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Thursday, December 12, 2013

Fallen Forests

"In 1844, Lydia Sigourney asserted, 'Man's warfare on the trees is terrible.' Like Sigourney, many American women of her day engaged with such issues as sustainability, resource wars, globalization, voluntary simplicity, Christian ecology, and environmental justice" (UGA Press).

In her recently published book, Fallen Forests, English Professor Karen Kilcup examines nineteenth century American women's environmental writing "to show how women writers have drawn on their literary emotional intelligence to raise readers' consciousness about social and environmental issues" (UGA Press).  Kilcup's extensive research on the subject encompasses a wide range of female voices, including those from marginalized communities, such as Native American, African American, Mexican American, working class, and non-Protestant.  Her analysis extends beyond traditional texts to incorporate Native American speeches, travel writing, slave narratives, and diaries and illustrates their influence on environmental debates of the time.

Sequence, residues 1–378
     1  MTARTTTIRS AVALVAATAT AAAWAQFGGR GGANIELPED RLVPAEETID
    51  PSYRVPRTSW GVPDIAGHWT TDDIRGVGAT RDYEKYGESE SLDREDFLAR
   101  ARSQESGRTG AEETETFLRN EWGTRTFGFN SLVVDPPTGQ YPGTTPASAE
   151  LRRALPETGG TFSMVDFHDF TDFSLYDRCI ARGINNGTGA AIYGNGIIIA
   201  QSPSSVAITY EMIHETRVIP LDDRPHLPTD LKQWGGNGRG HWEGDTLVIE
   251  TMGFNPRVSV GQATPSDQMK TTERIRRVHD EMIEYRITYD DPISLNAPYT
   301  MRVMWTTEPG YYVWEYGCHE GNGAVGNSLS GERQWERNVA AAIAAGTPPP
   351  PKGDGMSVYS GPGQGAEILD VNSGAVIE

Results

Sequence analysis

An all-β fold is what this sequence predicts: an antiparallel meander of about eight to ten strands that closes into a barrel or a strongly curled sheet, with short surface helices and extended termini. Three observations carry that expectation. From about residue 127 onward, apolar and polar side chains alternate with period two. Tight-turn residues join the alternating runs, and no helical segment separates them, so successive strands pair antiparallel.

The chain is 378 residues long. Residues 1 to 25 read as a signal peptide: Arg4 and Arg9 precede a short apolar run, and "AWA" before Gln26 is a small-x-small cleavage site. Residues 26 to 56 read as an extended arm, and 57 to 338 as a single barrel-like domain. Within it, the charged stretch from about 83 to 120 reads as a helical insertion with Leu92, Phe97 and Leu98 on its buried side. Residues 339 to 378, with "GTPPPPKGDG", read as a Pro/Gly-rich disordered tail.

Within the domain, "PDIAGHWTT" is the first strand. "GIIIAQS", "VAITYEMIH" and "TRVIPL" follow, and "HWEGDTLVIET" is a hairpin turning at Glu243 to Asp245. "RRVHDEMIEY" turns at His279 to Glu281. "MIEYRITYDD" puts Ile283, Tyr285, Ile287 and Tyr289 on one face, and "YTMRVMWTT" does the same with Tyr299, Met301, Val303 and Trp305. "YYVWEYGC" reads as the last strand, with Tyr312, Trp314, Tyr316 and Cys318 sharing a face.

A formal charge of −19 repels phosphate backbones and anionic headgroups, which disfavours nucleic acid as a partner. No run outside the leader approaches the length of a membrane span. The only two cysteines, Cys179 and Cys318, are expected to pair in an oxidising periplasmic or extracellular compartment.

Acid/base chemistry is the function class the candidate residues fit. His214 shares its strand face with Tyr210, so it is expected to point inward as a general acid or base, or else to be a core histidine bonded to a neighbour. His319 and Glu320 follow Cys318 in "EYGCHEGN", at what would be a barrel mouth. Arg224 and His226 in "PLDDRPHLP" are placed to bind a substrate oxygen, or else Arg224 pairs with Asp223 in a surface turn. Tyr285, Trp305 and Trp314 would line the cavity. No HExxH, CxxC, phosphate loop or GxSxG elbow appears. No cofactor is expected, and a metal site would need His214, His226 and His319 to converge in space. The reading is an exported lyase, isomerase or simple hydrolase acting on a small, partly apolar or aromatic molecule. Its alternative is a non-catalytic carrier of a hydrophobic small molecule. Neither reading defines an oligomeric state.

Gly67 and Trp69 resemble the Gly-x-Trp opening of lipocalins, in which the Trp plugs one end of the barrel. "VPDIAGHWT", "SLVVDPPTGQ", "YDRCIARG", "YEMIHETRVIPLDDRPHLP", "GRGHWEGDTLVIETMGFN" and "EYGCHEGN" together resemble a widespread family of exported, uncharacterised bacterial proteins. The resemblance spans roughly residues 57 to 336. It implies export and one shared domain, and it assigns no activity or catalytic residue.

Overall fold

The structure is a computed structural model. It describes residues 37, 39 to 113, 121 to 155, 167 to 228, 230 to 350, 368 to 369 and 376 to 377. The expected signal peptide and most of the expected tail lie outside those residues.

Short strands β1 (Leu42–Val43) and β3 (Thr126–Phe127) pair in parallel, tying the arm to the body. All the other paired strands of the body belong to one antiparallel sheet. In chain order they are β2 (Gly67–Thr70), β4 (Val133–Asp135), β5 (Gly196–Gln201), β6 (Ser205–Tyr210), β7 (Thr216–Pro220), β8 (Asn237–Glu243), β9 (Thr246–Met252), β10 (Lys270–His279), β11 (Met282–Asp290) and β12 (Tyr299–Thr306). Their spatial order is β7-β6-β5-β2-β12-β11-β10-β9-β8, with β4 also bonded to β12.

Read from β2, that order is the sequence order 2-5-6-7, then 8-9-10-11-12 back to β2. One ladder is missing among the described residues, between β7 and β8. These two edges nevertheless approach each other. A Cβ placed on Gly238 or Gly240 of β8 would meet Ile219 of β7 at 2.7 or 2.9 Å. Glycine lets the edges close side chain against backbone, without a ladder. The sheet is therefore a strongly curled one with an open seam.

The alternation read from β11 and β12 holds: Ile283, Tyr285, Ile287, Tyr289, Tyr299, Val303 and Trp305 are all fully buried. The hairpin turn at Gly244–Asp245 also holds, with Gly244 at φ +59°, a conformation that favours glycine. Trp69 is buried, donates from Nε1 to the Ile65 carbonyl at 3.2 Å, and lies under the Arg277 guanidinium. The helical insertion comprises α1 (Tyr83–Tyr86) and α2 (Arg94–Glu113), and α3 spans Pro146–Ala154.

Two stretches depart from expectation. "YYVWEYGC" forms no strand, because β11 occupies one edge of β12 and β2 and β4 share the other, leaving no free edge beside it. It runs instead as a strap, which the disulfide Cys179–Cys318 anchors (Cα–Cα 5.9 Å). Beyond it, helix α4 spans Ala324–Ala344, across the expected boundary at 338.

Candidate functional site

"Beautifully written, meticulously researched, and brilliantly argued, Fallen Forests is a major contribution to ecocriticism and to the study of nineteenth century American women writers more broadly.  [It is] a remarkably dexterous and insightful work of ecocritical scholarship" (Michael P. Branch).

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